(SAN FRANCISCO) — San Francisco voters overwhelmingly cast their ballots to remove three members of the city’s school board Tuesday night, marking the first time in the city’s history members of the board have been recalled.
In an election marred by debate over the pace of school reopenings during the pandemic and the management of controversial social issues in the district, School Board President Gabriela López and board members Faauuga Moliga and Alison Collins were all ousted, with more than 70% of voters backing the effort to recall them, preliminary results from the San Francisco Board of Elections showed.
“As the first results post for the recall election, it appears we were unsuccessful at defeating my recall,” Moliga said on his Facebook page. “We fought hard and ran a great campaign. I want to thank the Pacific Islander community for standing up and taking on this challenge. There are many more fights ahead of us.”
The three members will now be replaced with appointees selected by Mayor London Breed, who endorsed the recall, until another election is held for the positions in November.
In a statement Tuesday night, Breed said that voters “delivered a clear message that the School Board must focus on the essentials of delivering a well-run school system above all else” and recognized “all the parents who tirelessly organized and advocated in the last year.”
“Elections can be difficult, but these parents were fighting for what matters most — their children,” Breed said. “It’s time we refocus our efforts on the basics of providing quality education for all students, while more broadly improving how this City delivers support for children and families.”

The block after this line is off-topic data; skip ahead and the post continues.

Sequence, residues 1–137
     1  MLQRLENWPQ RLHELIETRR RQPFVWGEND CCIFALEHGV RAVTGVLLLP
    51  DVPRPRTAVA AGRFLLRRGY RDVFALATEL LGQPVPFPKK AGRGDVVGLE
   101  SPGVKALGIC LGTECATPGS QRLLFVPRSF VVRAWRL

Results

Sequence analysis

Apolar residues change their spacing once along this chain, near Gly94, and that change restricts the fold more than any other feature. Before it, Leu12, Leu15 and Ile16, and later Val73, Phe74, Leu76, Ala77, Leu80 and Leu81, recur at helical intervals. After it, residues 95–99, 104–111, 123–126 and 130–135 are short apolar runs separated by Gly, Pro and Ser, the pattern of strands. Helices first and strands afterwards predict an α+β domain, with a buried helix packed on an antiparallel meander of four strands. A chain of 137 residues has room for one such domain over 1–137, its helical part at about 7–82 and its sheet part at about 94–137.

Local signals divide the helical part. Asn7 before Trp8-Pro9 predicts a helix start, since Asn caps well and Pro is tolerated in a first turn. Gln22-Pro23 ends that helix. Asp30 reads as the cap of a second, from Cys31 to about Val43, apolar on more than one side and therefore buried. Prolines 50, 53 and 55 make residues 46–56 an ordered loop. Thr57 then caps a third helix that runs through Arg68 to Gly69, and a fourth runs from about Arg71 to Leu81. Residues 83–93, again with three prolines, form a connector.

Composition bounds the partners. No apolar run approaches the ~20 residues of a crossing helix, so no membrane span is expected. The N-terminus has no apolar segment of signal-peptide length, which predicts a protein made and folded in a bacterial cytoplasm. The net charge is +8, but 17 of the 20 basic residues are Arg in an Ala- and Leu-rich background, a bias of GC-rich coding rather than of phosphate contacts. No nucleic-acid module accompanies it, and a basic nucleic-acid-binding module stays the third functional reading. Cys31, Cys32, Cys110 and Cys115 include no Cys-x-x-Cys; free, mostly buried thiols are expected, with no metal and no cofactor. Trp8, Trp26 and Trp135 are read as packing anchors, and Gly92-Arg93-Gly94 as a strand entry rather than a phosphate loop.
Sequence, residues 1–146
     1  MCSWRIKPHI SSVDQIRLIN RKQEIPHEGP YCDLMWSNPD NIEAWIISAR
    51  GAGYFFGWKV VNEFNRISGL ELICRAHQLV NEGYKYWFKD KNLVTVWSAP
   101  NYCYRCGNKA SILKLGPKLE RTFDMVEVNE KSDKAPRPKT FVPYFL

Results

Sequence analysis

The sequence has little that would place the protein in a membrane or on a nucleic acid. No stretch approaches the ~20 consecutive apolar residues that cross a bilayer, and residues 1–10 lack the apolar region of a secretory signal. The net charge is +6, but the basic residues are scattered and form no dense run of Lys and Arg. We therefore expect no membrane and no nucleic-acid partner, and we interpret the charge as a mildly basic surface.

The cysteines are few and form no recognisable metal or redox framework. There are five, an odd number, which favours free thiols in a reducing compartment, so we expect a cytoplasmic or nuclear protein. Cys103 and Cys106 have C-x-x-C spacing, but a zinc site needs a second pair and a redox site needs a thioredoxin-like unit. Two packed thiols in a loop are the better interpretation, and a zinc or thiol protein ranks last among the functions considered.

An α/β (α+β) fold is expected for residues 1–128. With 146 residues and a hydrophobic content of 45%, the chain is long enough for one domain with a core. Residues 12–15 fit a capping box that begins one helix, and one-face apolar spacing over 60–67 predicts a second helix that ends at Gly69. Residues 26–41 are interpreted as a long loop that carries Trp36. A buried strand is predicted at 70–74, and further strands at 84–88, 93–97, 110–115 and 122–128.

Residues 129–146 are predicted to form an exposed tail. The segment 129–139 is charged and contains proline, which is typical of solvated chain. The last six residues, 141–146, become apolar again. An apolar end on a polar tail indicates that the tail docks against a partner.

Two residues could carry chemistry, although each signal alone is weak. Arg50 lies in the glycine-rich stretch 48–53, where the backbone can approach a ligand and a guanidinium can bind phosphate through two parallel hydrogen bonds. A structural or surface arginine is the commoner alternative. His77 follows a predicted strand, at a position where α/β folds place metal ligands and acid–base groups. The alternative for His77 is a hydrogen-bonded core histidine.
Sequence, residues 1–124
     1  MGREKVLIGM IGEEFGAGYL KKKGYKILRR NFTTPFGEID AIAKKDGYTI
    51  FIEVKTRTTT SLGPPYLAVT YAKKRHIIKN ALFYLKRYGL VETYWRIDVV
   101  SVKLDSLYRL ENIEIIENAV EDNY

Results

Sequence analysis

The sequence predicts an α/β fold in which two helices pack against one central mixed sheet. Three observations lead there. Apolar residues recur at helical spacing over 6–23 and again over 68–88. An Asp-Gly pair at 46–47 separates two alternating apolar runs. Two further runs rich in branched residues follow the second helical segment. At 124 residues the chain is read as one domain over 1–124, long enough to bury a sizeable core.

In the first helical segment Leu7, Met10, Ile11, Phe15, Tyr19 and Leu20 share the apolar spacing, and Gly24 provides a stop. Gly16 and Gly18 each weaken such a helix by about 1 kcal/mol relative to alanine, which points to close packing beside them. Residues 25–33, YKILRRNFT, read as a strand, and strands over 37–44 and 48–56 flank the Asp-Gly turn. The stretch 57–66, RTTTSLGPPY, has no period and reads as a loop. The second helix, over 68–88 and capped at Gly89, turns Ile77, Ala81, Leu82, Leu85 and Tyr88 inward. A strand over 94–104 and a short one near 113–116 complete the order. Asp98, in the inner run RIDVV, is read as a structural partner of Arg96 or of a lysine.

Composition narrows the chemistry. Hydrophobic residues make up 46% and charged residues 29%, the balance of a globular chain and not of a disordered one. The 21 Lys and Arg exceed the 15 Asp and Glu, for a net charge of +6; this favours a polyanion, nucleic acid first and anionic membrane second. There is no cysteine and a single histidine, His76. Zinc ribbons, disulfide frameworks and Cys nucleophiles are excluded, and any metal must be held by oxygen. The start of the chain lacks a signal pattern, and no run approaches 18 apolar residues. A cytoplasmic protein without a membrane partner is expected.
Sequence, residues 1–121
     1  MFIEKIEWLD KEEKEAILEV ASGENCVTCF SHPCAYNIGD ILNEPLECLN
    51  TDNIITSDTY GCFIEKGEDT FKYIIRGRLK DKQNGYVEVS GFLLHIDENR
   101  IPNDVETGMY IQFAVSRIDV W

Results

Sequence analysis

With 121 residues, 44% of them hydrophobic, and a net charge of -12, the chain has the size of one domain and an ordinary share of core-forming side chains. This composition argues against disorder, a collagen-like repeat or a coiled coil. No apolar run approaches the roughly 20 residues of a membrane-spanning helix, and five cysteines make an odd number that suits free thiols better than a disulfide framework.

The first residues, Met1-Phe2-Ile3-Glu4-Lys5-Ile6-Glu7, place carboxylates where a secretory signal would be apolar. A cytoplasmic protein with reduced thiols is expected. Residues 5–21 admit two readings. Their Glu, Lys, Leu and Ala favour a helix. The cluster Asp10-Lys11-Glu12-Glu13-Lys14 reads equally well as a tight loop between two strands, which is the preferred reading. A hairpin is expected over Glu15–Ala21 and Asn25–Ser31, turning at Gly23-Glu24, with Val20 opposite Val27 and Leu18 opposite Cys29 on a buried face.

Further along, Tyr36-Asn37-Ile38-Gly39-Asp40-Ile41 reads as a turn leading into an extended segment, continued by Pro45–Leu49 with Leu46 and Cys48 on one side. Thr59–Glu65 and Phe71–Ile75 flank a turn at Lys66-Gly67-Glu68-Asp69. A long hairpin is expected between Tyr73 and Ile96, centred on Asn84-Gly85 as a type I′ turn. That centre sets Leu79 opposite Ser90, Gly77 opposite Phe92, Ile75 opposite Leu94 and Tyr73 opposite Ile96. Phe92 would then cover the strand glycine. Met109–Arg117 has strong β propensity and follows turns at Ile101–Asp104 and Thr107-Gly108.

When reached for comment by ABC News, Autumn Looijen, campaign co-lead at Recall the SF School Board, said over text that the reaction in her house was “total celebration.”
“It’s one thing to think you’ll win,” she said. “Quite another once it’s real.”
San Francisco’s recall has drawn widespread attention amid a year in which 25 recall efforts have been launched against 66 officials nationwide, according to tracking by Ballotpedia.
“School boards are where the rubber meets the road when it comes to Americans meeting their government,” ABC News Political Director Rick Klein said of the recall. “Schools, for better or worse, are the battlefront. They’re where the major issues of 2022 are colliding for so many Americans.”
Financial documents reviewed by ABC News show the effort in San Francisco has largely been bankrolled by big donors who don’t have children in the district.
According to campaign finance records, some of the biggest backers are 95-year-old billionaire Arthur Rock and PayPal COO David Sacks, who contributed nearly $400,000 and more than $74,000, respectively.
“You’d never think that a liberal member of a school board in San Francisco would have to worry about his or her job,” Klein said. “The power of the arguments that are being put forward and on display in this recall election, I think will animate so many campaigns up and down the ballot for state and national political office in 2022.”
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